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The Talk.Origins Archive: Exploring the Creation/Evolution Controversy

Evolution and Philosophy

Is There Progress and Direction in Evolution?

Copyright © 1997

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This work is licensed under a Creative Commons License.

Summary: Evolution has no goal, but there are directional trends of a lesser kind. Teleological explanations are more complex than one might think.




One of the more common misconceptions, with a history long before Darwin, is that evolution is progressive; that things get more complex and perfect in some way. In fact, this view is attributed more to social and religious attitudes of 18th and 19th century European culture than to any evidence. It was a given that things are getting better and better, every way, every day. This persisted until long after Darwinism, until the middle of this century (e.g., Teilhard de Chardin). Even Darwin was ambiguous about it, talking on occasion about 'perfection' as a result of selection.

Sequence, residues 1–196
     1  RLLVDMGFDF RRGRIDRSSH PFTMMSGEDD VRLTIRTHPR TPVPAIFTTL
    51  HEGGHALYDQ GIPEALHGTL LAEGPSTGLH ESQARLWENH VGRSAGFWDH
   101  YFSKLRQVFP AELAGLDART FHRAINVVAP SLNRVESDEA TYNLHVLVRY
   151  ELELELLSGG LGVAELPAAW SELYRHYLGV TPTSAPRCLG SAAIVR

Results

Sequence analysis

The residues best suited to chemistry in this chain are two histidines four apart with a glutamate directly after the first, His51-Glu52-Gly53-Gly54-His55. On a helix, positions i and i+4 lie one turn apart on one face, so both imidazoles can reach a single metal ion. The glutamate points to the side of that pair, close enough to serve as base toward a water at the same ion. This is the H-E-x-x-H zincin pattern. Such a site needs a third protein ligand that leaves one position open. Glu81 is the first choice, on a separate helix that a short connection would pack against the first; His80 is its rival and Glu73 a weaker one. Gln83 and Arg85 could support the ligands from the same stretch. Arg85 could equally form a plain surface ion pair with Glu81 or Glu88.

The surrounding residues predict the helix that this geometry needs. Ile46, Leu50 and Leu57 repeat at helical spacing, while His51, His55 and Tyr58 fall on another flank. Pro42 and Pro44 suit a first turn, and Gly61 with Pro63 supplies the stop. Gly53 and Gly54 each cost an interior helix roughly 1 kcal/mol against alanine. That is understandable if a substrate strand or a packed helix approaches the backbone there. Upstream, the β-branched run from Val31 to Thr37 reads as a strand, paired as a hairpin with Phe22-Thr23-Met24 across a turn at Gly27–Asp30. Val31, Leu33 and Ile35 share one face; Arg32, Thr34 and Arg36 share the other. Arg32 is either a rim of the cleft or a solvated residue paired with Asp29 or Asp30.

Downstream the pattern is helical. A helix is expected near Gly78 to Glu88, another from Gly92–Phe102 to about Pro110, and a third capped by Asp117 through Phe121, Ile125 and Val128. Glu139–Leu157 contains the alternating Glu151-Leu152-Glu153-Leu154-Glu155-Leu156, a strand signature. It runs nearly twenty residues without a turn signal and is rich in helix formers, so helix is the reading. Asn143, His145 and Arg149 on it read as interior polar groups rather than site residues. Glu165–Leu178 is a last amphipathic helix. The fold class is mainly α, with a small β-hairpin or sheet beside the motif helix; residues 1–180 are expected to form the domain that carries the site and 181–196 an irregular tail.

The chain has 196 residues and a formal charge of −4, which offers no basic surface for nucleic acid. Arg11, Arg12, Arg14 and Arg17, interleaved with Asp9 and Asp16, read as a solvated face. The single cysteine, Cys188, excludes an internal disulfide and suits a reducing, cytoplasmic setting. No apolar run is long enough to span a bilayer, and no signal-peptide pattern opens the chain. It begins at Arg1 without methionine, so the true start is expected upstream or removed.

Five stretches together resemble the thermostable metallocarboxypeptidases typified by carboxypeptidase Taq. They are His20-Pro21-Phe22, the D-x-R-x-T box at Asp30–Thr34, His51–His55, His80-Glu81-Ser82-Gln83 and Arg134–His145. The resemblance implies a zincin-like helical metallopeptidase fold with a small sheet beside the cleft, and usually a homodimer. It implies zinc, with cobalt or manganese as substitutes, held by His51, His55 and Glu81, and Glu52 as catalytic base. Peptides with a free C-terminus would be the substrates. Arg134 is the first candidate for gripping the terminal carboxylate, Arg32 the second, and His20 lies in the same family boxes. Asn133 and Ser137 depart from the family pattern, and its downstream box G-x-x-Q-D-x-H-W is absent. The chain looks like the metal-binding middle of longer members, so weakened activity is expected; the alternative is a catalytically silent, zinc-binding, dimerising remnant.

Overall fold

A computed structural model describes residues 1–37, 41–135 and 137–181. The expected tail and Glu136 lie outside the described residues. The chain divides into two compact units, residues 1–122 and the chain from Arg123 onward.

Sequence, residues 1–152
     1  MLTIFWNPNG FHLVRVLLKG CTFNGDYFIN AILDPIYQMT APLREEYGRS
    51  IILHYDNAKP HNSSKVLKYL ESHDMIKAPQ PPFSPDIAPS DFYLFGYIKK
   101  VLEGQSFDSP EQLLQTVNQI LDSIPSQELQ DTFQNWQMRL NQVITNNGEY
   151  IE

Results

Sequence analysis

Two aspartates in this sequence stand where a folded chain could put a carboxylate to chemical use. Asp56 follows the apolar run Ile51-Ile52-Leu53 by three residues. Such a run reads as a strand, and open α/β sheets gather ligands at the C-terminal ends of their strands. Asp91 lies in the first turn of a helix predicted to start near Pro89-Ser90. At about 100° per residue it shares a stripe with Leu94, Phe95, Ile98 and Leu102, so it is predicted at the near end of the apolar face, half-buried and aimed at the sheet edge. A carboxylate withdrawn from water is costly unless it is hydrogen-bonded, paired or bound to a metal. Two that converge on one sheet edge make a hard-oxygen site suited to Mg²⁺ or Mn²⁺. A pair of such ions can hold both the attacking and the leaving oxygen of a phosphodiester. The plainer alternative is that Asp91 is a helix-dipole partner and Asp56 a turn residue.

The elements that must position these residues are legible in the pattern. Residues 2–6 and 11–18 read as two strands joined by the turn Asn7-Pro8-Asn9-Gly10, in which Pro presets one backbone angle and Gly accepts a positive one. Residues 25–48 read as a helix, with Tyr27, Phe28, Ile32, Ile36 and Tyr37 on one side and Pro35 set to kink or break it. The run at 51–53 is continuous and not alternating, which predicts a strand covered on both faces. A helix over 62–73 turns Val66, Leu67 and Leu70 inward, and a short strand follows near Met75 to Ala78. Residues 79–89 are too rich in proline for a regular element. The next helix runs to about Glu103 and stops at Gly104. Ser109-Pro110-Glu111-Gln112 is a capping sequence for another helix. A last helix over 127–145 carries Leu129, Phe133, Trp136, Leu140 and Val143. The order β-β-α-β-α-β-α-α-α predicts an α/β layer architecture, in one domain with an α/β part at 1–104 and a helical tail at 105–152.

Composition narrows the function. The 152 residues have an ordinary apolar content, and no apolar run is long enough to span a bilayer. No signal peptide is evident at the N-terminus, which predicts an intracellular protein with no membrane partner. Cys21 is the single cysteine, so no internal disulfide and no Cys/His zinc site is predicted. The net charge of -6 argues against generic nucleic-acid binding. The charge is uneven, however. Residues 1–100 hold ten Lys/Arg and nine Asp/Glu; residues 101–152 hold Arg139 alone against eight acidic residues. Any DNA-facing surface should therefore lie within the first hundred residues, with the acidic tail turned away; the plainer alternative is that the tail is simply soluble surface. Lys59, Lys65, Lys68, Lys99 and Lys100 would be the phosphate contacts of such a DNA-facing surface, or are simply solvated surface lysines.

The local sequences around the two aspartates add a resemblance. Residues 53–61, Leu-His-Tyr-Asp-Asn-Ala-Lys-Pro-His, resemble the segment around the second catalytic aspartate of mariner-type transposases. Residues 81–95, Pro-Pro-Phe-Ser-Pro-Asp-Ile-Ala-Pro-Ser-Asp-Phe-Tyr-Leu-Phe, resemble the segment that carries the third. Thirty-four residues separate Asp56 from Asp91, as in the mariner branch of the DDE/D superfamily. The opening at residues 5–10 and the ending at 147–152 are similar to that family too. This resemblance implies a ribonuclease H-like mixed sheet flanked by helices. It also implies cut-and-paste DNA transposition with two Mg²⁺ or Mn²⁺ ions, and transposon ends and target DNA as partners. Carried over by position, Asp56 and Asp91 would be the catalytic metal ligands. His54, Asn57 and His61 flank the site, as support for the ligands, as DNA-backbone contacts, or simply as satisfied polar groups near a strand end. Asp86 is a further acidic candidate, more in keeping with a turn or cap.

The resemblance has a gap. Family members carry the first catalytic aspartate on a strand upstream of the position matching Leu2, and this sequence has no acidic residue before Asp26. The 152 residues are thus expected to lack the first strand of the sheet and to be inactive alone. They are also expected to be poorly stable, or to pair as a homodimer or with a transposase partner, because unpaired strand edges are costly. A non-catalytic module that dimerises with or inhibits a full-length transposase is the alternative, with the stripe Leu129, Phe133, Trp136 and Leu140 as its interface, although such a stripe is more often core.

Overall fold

At the time of the 'modern synthesis' [note 9] in the 1940s, the notion of progress was quietly dropped, with a few exceptions like Dobzhansky and Huxley within the synthesis, and Schindewolf and Goldschmidt outside it. Of course, heterodox writers (usually not biologists) like Teilhard and Koestler remained progressionists long after this. But by the 1970s, progress had been abandoned by working biologists.

Recently, the issue has resurfaced, shorn of the mysticism of earlier debates. Biologist J.T. Bonner argued that there was a rise in complexity of organisms over the long term [1988], and others were arguing for a form of local progress under the terms 'arms race' [Dawkins and Krebs 1979] and 'escalation' [Vermeij 1987]. Gould [1989] felt so strongly about it he was moved to deny that, at least since the Cambrian explosion, there has been any progress at all.